Notably, though, the RIA advisor support ecosystem goes further than just how RIA custodians support their advisors. An interesting phenomenon of the advice industry, with its relationship-based recurring revenue business models, is that advice-based firms have grown far larger than the collections of siloed brokers seen in typical broker-dealer firms. This has led to RIAs that grow so large that they become de facto advisor platforms. Those platforms are then further swollen via mergers and acquisitions, “tuck-in” deals, or even RIAs themselves offering third-party platform services to other advisors.

In this context, the function of the advisor platform is to help facilitate as much of the back-office operational functions, and even “mid-office” functions (e.g., investment and, increasingly, planning analysis) as possible, so that the advisors themselves can spend as much time as possible performing their highest and best function: interacting directly with clients, giving advice and delivering value.

Accordingly, the advisor platform of the future might include not only technology solutions, but centralized back-office support (including operations and administrative support); centralized planning expertise (from an Advanced Markets sales support team to an Advanced Planning advice support team); planning staff support (why should advisors need their own paraplanners when a central advisor platform can provide them on a shared or pooled basis?); and even a Due Diligence department (not to vet products to be sold, but to meet the even higher burden of vetting products that will be recommended by fiduciary advisors). Of course, compliance — in a fiduciary context, not FINRA-style product sales oversight — is also a highly relevant advisor platform function that benefits from scale.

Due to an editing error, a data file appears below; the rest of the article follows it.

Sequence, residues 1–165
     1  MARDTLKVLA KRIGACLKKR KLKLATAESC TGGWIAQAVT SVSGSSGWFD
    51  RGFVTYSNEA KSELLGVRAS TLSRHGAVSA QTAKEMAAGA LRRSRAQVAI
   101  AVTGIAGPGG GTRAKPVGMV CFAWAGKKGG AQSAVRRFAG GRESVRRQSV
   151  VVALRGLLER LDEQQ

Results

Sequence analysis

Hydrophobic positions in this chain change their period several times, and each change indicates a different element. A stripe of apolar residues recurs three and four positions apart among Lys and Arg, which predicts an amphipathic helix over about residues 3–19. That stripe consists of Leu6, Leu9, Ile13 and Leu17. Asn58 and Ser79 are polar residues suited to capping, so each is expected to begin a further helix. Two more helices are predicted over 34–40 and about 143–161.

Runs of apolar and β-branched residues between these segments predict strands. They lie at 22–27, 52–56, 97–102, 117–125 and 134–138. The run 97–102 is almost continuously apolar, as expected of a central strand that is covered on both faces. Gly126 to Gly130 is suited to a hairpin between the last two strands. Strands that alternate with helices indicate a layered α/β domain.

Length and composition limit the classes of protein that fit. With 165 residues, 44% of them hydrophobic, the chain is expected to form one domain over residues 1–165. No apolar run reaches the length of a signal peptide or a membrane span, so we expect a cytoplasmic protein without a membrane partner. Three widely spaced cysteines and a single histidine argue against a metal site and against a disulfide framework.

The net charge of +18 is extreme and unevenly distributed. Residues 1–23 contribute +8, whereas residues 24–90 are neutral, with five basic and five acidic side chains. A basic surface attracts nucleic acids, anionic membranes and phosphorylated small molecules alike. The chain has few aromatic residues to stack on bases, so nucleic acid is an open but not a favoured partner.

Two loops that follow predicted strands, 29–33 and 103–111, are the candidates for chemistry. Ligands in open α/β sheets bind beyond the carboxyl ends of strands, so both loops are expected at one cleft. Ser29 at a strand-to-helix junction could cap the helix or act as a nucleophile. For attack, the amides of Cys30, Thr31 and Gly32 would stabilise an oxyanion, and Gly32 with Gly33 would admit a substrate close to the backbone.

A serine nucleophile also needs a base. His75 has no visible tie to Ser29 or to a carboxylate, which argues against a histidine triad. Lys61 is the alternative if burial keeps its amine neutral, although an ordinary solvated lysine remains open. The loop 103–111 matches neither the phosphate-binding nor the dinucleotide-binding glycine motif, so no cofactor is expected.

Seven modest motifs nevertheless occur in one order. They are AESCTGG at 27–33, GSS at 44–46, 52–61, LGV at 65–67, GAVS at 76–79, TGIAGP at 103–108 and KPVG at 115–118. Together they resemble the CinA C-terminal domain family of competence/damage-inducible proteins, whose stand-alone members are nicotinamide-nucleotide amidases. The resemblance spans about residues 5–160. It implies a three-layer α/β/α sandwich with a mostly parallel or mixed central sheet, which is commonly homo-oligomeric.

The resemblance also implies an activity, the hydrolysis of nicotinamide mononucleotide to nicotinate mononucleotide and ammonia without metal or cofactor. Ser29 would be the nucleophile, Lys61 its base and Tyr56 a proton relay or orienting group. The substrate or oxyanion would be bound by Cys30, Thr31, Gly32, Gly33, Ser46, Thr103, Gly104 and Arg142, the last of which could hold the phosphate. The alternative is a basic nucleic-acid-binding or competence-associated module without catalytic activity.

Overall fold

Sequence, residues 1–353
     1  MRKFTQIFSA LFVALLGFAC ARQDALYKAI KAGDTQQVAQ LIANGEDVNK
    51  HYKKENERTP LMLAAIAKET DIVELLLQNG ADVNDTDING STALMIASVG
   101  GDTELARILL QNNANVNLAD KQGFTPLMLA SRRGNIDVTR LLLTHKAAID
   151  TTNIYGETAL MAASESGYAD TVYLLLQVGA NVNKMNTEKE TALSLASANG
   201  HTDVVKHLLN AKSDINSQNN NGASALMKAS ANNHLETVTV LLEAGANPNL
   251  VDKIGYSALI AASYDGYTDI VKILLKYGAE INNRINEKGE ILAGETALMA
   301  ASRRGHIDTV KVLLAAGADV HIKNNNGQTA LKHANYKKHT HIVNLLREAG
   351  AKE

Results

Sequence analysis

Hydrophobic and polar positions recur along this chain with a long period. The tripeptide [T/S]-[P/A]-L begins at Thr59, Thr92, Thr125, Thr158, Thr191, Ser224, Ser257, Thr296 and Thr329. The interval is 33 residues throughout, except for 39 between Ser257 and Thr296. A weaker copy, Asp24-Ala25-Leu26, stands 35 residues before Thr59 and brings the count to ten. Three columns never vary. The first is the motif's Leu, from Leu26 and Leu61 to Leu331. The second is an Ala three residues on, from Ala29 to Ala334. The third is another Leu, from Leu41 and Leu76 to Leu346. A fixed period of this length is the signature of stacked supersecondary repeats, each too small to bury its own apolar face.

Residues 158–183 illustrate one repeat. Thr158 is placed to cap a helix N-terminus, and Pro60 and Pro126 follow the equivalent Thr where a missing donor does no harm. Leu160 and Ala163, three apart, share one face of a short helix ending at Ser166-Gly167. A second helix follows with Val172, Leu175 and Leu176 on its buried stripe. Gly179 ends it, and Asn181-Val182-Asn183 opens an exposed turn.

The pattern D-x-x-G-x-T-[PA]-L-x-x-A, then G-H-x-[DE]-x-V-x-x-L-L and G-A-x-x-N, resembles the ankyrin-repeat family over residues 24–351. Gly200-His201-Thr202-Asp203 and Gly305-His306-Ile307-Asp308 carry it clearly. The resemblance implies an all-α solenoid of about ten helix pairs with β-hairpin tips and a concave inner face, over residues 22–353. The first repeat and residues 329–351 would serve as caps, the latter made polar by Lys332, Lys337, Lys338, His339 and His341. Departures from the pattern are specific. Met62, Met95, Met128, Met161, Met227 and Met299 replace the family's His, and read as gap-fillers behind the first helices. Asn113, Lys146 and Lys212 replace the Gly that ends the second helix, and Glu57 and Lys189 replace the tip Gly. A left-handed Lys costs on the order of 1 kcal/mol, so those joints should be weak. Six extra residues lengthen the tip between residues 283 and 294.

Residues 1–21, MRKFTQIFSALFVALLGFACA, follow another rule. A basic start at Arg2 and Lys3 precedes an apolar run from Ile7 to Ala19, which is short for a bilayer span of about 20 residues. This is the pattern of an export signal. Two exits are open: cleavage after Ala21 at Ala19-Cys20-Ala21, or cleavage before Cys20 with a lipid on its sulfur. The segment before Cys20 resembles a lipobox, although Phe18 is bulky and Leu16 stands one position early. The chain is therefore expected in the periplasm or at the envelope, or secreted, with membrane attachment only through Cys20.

Ultimately, the greatest threat for broker-dealers may not be the fact that these professionals must reinvent their service model to be relevant to advisors who are paid for dispensing advice (rather than brokers who are paid to distribute product), but that broker-dealers may soon be forced to reinvent their entire revenue model as well.

After all, if a fiduciary rule drives advisors away from product distribution and toward getting paid for advice itself, such that broker-dealers can no longer rely on their current role as an intermediary in the world of services product distribution, then broker-dealers will lose access to everything from commissions with their revenue-sharing and override payment structures to the so-called shelf space agreements from product companies looking for distribution.

Perhaps some of this revenue will ironically be made up by services purveyors who go from paying for distribution opportunities through revenue-sharing and shelf space agreements, to those product providers offering to sponsor advisor events and conferences to get visibility with fiduciary advisors and have their products considered for potential recommendations. Looking at a parallel in the medical industry, pharmaceutical companies continue to be heavy sponsors of conferences for doctors, the thought being that doctors’ awareness of the companies’ products will grow. Doctors, after all, function as gatekeepers for their patients, even if drug companies cannot pay commissions to doctors to prescribe their drugs.

To some extent, the transition toward fiduciary advice may simply mean a push away from traditional upfront commissions, and toward level commissions akin to ongoing AUM fees. In the long run, this may not necessarily be problematic for broker-dealers. In fact, businesses with recurring revenue traditionally have better valuations, and in recent years the broker-dealers with more fee-based revenue have alreadycommanded higher valuations than their purely commission-based brethren.

However, just as advisors often struggle with the transition from upfront commissions to level AUM fees — going from a 5% upfront commission to a 1% AUM may be more profitable in the long run (6+ years), but can cause a cash flow squeeze in the short term (getting paid 1% in year 1 instead of 5%) — so too will broker-dealers face a potentially challenging revenue transition in the coming years if the fiduciary rule squeezes down the size of up-front commissions.